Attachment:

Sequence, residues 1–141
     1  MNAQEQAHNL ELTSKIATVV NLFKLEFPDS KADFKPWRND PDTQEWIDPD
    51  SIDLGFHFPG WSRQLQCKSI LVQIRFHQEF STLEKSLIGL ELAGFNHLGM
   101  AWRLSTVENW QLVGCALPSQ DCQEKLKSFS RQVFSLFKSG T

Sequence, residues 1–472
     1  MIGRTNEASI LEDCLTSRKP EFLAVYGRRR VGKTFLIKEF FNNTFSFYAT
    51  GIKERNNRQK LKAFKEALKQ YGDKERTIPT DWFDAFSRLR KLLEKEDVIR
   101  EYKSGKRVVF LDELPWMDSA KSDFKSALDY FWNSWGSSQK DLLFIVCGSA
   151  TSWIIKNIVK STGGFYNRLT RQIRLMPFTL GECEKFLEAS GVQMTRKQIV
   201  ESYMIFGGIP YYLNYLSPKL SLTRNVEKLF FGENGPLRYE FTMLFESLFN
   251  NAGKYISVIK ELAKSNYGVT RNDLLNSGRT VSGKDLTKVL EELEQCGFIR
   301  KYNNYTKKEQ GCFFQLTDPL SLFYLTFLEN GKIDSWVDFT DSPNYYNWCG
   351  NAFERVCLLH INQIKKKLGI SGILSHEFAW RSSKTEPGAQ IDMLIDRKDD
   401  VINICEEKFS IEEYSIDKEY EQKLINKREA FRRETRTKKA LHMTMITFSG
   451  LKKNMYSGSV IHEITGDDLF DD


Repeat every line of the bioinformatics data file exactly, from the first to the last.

Sequence, residues 1–141
     1  MNAQEQAHNL ELTSKIATVV NLFKLEFPDS KADFKPWRND PDTQEWIDPD
    51  SIDLGFHFPG WSRQLQCKSI LVQIRFHQEF STLEKSLIGL ELAGFNHLGM
   101  AWRLSTVENW QLVGCALPSQ DCQEKLKSFS RQVFSLFKSG T

Sequence, residues 1–472
     1  MIGRTNEASI LEDCLTSRKP EFLAVYGRRR VGKTFLIKEF FNNTFSFYAT
    51  GIKERNNRQK LKAFKEALKQ YGDKERTIPT DWFDAFSRLR KLLEKEDVIR
   101  EYKSGKRVVF LDELPWMDSA KSDFKSALDY FWNSWGSSQK DLLFIVCGSA
   151  TSWIIKNIVK STGGFYNRLT RQIRLMPFTL GECEKFLEAS GVQMTRKQIV
   201  ESYMIFGGIP YYLNYLSPKL SLTRNVEKLF FGENGPLRYE FTMLFESLFN
   251  NAGKYISVIK ELAKSNYGVT RNDLLNSGRT VSGKDLTKVL EELEQCGFIR
   301  KYNNYTKKEQ GCFFQLTDPL SLFYLTFLEN GKIDSWVDFT DSPNYYNWCG
   351  NAFERVCLLH INQIKKKLGI SGILSHEFAW RSSKTEPGAQ IDMLIDRKDD
   401  VINICEEKFS IEEYSIDKEY EQKLINKREA FRRETRTKKA LHMTMITFSG
   451  LKKNMYSGSV IHEITGDDLF DD